The Secret State, 2010 revised edition review
What was particularly fascinating was his inclusion of simulations of hostilities by Cabinet Office planners. For example, a crisis began in the Baltic and the Balkans, where troops massed on the Bulgarian and Albanian borders. As international tension rose, Britain’s Joint Intelligence Committee began planning for the worst, discussing transition-to-war measures, stockpiling essential supplies and urging the government to take emergency powers. In university towns, students demonstrated for peace, while in Britain’s ports, pacifist dockers refused to handle goods bound for the garrison in West Germany.
The Third World War broke out on October 20 1968, with Warsaw Pact forces pouring into Austria and Finland. The next day, crowds besieged the US and Soviet embassies, while the Cabinet authorised the Prime Minister to approve nuclear action if Nato requested it. Builders’ merchants were besieged by people wanting materials for makeshift nuclear shelters.
Gems such as these which were unearthed from Whitehall Archives by Peter Hennessy, provide a tantalising but chilling glimpse of what might have happened if history had unfolded differently.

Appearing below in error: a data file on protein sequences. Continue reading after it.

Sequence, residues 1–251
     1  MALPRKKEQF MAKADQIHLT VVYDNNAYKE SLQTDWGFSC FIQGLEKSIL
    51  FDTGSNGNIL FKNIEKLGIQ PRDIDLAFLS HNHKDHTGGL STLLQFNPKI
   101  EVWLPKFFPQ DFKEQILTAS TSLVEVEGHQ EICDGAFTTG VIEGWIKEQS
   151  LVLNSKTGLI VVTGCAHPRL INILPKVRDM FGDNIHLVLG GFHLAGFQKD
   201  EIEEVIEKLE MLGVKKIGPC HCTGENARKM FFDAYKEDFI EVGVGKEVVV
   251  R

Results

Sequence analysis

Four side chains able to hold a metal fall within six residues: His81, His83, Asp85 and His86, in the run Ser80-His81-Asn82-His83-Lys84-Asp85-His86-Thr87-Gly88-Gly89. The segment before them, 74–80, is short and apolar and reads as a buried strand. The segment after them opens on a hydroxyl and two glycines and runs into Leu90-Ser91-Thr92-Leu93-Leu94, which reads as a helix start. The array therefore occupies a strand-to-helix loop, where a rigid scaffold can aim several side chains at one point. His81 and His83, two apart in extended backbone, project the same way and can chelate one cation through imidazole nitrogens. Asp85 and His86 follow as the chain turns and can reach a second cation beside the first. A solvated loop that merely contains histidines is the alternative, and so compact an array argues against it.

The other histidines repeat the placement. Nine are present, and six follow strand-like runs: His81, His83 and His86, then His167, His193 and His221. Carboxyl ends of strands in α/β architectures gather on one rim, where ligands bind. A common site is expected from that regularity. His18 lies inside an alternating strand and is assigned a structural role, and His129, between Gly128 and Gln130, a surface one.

The book was especially interesting given the narrow GCSE focus of the Cold War I was acquainted with, in which Britain and America acted as one, and no distinctions were ever drawn. However, the humanisation of nuclear evacuation schemes illustrates that Britain was frighteningly in range of Soviet weapons, and had its own motives in the Cold War - not taking a thermonuclear blow for our American allies. It also raised the notion of widespread public suspicion of America, as an aggressive American foreign policy would place Britain in the Soviet Union's firing line.
I highly enjoyed this book and would recommend it to anyone with an interest in the Cold War, or any aspect of alternate history. It's only shortcoming is Hennessy's reliance on quoting documents and complicated flow charts.
It gets a rating of 4/5